Last spring, George covered BetterSnapTool, a way for Mac users to manage their different windows. In a comment to George’s post, “bdesham” suggested another option for accomplishing the same thing: Divvy. As I read about…
February 14, 2012, 11:00 am
Our family switched from PC to Mac almost four years ago. On the whole, there haven’t been a lot of things that I missed about being a PC user. But one that immediately stood out to me was the lack of a good clipboard manager on the Mac. I’m constantly copying and pasting different things in my work, and it’s not uncommon for me to try to paste something only to discover that I’d already copied over it. So I would have to go back to the original thing, copy it, and then paste it again. That or—the horror!—I’d have to type it again.
I’d experimented with a few different pieces of software over the years to help me manage a clipboard, but none of them stuck until I discovered iClip a few months ago. Once installed and running in the background, iClip quietly records everything that I copy on its (predictably titled) “Recorder.” (more…)
January 27, 2012, 8:00 am
Anyone who’s spent some time working on a typewriter can tell you that one of the great things about a computer is how easy it is to type special characters. By “special characters,” I mean those symbols or accented letters that aren’t part of regular use in English but that come up plenty often in your scholarship. Instead of typing an “e” and then trying to position the paper so you can strike an apostrophe on top of it, you can just use a combination of keys to generate the perfect “é.” Much, much easier. Of course, the ease of creating these special characters is entirely dependent upon your ability to remember what the key combination is.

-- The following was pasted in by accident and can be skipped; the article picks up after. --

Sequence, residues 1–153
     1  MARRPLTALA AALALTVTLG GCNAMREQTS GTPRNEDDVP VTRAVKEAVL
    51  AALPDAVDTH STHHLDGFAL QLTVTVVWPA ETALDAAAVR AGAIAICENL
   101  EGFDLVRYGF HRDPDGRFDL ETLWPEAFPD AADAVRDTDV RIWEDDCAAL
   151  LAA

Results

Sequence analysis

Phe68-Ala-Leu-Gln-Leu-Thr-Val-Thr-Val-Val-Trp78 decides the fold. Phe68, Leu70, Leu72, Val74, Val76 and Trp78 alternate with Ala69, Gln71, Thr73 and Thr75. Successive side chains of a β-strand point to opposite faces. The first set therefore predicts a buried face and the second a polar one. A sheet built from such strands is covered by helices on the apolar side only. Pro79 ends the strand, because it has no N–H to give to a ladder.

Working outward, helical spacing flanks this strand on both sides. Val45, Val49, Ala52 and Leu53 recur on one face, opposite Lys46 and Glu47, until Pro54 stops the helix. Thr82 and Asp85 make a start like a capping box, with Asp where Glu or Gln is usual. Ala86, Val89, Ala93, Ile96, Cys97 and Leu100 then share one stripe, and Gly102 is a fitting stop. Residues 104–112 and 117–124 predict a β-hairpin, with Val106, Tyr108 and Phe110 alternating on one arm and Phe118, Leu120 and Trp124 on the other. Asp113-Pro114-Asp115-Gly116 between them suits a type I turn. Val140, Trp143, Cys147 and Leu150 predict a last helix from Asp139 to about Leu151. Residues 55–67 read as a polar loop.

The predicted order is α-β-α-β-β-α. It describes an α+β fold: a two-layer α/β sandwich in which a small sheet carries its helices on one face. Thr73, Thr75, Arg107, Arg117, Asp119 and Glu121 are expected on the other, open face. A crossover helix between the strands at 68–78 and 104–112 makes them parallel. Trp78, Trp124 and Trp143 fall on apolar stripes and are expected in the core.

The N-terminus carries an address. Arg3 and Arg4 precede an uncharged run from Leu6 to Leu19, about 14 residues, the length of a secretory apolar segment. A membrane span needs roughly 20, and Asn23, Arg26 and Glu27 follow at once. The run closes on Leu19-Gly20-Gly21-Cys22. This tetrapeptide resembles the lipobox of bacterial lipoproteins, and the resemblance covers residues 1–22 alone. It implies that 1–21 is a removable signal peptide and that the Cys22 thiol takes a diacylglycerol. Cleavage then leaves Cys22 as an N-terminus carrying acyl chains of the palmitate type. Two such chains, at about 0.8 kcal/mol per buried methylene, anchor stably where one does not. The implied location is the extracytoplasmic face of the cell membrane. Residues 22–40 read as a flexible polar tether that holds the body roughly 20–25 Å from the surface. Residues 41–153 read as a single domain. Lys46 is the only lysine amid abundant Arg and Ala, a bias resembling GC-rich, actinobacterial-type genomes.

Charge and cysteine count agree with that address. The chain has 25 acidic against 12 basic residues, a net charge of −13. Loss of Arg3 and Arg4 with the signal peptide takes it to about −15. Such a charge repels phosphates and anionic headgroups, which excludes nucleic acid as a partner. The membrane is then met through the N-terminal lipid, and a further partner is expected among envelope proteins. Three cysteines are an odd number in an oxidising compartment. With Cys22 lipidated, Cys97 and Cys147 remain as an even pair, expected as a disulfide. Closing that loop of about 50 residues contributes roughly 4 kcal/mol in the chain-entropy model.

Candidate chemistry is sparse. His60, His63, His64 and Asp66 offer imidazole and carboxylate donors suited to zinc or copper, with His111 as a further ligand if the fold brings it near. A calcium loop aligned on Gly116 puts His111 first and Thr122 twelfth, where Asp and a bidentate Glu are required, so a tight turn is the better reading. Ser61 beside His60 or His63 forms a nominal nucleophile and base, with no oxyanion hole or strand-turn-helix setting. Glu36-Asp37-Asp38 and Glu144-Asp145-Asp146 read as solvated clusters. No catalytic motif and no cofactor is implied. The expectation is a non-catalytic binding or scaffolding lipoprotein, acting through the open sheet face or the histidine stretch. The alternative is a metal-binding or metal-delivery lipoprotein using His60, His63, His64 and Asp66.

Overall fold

I recently discovered a handy widget for the Mac OS Dashboard that fixes this problem. CharacterPal, designed by tacowidgets.com, provides a small reference for typing the character you want. Once you download and install the widget, you…
October 25, 2011, 8:00 am
There are lots of tasks that can be handled quickly by using the command line. In his recent postings here at ProfHacker on the topic, Lincoln has covered the basics. Now it is just a matter of making the command line work for you.
One handy command to know if you work with a lot of long text lists is “sort” which sorts a list of items in a text file that has each item on a separate line. If you use a Mac OS X or Linux, save the text you wish to sort in a plain text file (on the Mac you can use the included TextEdit application for working with plain text files, and if you see “Make Plain Text” in the “Format” menu then you know it will be saved in rich text format instead of plain text). It will be easier to handle your file if you don’t put any spaces in the name. The instructions below assume you use a unix based operating system like Mac OS X or Linux which I’m familiar with (DOS …